Going to law school after working for some years

Over in this thread, Ceen wanted to know about heading into law school straight from university. Not wanting to hijack that thread, but somewhat similarly, I want to know about going to law school after being out of university for some years.

I well remember being near the end of my university days, and wondering “where do I go from here?” While I admit I did seriously consider law school (among other graduate school options), I chose instead to try to make my way in the world. As things turned out, I went through a variety of jobs; everything from operating a forklift and driving a truck to technical writing/training and lecturing part-time at a local community college.

While I don’t regret a single experience I had, I’ve been wondering for a while if I should have gone to law school. Somehow, the study of law still appeals to me, just as it did all those years ago. I’ve been considering returning to school and taking law, actually; and so I was particularly glad to see this from Q.N. Jones in the other thread:

I’ve wondered about being the class “old fart” (comparatively speaking, of course; I’m hardly a senior citizen) in among a group of recent graduates, so maybe I can ask a few questions of Q.N. Jones and any others who can help, along those lines:

– How, generally, did your older classmates find things? Did they have a better grasp of some of the material, due to the work and life experience they brought with them? Did they perhaps have to work a little harder, because their study skills were rusty?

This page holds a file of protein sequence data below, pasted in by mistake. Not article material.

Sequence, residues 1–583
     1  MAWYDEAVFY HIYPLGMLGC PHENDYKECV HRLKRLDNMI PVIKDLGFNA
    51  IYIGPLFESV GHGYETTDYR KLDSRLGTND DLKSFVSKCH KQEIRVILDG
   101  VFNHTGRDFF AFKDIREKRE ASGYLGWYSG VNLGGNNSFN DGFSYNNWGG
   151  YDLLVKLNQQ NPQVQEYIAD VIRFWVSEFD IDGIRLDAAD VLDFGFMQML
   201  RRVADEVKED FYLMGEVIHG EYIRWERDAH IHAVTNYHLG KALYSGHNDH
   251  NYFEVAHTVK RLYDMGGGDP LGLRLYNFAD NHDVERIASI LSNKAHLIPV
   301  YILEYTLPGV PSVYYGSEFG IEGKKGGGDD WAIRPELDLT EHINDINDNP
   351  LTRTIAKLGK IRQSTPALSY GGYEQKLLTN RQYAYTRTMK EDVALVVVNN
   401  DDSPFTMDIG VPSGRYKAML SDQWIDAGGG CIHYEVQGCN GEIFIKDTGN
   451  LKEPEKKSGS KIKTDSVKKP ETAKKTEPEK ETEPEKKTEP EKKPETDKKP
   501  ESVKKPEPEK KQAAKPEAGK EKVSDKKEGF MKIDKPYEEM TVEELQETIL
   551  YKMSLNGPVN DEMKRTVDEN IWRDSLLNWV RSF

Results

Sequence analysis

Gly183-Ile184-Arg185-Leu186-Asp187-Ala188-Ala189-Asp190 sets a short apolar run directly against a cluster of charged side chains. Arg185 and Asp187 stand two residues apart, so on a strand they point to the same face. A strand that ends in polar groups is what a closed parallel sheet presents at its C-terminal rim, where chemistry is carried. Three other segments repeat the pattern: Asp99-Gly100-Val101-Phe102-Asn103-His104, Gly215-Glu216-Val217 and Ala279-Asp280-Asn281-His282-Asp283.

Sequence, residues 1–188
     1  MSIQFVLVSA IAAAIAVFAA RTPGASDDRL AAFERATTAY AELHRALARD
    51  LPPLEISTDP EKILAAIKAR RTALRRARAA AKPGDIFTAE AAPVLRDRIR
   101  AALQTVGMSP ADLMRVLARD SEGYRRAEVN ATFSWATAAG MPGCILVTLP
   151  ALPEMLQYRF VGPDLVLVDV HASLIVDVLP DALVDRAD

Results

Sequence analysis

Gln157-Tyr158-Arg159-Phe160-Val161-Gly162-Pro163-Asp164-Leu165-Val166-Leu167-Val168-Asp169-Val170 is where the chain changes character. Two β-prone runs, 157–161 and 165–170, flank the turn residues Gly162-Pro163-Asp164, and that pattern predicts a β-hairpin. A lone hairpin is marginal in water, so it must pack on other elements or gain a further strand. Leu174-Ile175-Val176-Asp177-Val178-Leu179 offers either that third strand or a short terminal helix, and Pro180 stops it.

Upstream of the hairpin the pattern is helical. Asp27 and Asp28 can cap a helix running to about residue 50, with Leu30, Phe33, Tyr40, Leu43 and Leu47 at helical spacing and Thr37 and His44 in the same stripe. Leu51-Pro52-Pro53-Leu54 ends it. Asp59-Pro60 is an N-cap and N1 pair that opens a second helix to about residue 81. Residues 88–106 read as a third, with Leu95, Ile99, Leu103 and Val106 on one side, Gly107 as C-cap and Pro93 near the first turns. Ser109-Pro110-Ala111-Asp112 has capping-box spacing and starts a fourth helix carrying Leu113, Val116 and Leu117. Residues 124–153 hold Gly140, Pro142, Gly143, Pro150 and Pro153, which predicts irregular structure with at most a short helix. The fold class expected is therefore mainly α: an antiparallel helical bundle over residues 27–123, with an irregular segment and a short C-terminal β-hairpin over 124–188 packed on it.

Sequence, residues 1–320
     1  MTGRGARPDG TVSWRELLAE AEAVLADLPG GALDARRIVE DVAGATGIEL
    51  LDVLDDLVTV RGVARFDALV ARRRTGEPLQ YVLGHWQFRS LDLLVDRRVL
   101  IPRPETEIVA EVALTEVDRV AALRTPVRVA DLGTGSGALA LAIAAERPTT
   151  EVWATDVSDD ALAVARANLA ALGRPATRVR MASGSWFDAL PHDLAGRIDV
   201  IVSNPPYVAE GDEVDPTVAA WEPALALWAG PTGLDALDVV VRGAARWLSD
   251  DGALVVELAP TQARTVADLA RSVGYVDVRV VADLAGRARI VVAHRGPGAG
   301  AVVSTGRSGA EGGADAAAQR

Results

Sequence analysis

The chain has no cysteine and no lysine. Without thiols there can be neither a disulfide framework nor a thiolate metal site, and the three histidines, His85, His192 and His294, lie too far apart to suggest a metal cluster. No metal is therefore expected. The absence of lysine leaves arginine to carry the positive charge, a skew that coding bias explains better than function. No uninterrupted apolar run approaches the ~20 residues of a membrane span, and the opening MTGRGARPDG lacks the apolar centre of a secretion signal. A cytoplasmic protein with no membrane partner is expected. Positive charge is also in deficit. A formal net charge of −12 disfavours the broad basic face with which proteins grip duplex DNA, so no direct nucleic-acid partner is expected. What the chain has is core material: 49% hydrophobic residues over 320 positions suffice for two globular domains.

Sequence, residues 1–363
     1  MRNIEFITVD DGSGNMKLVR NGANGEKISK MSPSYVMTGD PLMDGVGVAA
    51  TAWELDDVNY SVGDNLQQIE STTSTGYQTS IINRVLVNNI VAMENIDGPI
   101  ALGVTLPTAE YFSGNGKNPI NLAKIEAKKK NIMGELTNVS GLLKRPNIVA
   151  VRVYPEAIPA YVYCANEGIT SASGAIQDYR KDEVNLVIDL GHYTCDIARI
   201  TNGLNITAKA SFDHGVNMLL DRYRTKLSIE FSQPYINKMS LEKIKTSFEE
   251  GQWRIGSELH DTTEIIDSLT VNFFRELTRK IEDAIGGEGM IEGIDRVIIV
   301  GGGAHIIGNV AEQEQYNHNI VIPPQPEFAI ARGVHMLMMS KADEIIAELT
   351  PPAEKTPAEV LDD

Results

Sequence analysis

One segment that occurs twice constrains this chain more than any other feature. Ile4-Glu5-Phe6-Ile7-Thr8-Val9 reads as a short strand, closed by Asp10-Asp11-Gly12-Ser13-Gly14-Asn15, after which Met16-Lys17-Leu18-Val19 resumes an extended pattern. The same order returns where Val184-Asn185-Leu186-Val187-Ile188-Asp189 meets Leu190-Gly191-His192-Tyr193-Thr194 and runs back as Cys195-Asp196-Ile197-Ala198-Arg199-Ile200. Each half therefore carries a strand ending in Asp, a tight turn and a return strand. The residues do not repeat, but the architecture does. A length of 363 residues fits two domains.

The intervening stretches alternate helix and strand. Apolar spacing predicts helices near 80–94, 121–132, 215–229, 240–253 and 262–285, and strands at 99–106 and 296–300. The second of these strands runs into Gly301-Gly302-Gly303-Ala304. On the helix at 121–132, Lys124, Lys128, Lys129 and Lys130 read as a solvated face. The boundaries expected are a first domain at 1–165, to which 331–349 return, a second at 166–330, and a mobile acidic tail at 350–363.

– Did they seem to be able to balance school and home life? I’m married (no kids) and my wife and I own a home. For that reason, I wouldn’t be going away to school; I’d apply only to the law school in our city. But while my wife is enthusiastic about my interest in going back to school (as she says, “I’m glad your middle-age crisis doesn’t involve flashy sports cars and swimsuit models”), and capable of supporting us both while I’m in school, I’m hoping that my studies won’t strain our relationship. How did your older classmates fare in this way?

– How well did the older students fit in? Did the younger students tend to include them in study groups and such? I realize that this may have more to do with an individual’s personality than anything else; but in general, were the older students seen as a part of the class whose contributions were welcomed, or were they somehow always on the periphery?

Thanks for any help with these questions, as well as for any other advice you folks may have!

Although I didn’t go to law school, I was a “non-traditional” student–I was in my mid twenties when I began college, and over 30 when I finished. I began at a community college, then graduated from a major university. Suprisingly, the older non-traditional students were plentiful in both the community college and the major univerisity setting.

I held down a part time job throughout school, and as a single parent, raised three kids. Yes, it was difficult at times, but we managed. Since I dropped out of school in the 11th grade, getting into the hang of studying and writing papers and doing research was difficult at first, but I found that I took it more seriously than many of the other “college kids”. One, it was MY money that was paying for classes, and two, I was there because I wanted to learn, not because Mommy and Daddy told me to go to college or get a job (wanna guess how many times I heard that line from fellow students?).

I’d love to go back and get my Master’s degree, but honestly, at this point, I’m somewhat burned out on college. Going part time (except for the last two years) it took me awhile to get my Bachelor’s degree, but I’d do it again.

Well, I went to law school after being out of school for ten years and having been a bum, an office rat and a teacher, so I guess I’m qualified to answer.

In short–it was the best decision I ever made. I loved law school, felt I got more out of it than some of my younger fellow students, and was better able to handle the pressures as well. And now I’m in my dream job, and loving it.